The stairway was found under two inches of cement and tile. The handrail that had survived by having been screwed into modern wrought iron in previous remodels, was salvaged and reinstalled into its historic location. The left side was replicated from HABS drawings. The balusters and newel post were replicated. Photo by Sandé Lollis

Side view showing the extent of the historic material uncovered during the restoration. Also a good view of the porch balustrades and steep pitched roof and chimney that were returned after being chopped off for the imitation hacienda look the building previously had. The only items left to be completed are the rose-beige scored plaster on the first floor and the painted stage office sign on the left corner of the building. Photo by Sandé Lollis

"This is an unprecedented historic restoration, arguably the most important one currently in California. Few other buildings in the state rival its scale or size (over 10,000 square feet) and blending of 19th-century Mexican adobe and American wood-framing construction techniques. It boasts a rich and storied history, a history that is buried in the material fabric and written and oral accounts left behind by previous generations." Victor Walsh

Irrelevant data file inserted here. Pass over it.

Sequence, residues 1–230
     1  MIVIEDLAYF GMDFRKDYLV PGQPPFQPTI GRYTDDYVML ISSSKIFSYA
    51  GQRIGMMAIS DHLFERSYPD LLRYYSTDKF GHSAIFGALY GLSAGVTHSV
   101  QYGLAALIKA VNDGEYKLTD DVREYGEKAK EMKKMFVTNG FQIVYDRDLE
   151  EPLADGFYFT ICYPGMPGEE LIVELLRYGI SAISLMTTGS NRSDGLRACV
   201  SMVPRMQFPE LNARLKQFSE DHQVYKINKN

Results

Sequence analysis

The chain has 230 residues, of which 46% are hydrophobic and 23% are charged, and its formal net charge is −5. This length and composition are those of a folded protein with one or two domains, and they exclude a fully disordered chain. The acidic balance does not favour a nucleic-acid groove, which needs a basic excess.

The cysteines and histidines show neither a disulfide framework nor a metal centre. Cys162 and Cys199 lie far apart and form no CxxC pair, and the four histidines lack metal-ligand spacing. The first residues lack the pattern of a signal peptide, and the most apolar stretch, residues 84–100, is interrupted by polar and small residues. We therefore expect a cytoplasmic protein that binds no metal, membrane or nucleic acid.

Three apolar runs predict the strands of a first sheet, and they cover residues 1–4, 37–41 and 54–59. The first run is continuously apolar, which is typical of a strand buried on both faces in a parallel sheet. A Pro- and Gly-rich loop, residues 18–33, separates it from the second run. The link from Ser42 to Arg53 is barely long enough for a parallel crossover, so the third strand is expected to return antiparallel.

This article and captions were written borrowing liberally from a recently completed extensive over 12,000-word history of the site by State Historian II Victor A. Walsh, and from conversations with archeologist Nini Minovi, project manager for the State Department of Parks and Recreation Bill Mennell, and Bruce Coons who acted as historic consultant for the project. Go to to view the historic report in its entirety. (25-page pdf)

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Volume 41 - 2010


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From the Editor

The Cosmopolitan Hotel: A Resurrection of the Past

Most Endangered List of Historic Resources

Lead Paint: What's at Stake?

The California Theatre Under Siege

10-Year Anniversary at the Whaley House

Marston House - First Year Retrospective

People In Preservation Winners

An Evening Well Spent at PIP

Preservation Community


Book Review

Strength in Numbers

Donations 2010

Lost San Diego


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2476 San Diego Avenue · San Diego CA 92110 · Phone (619) 297-9327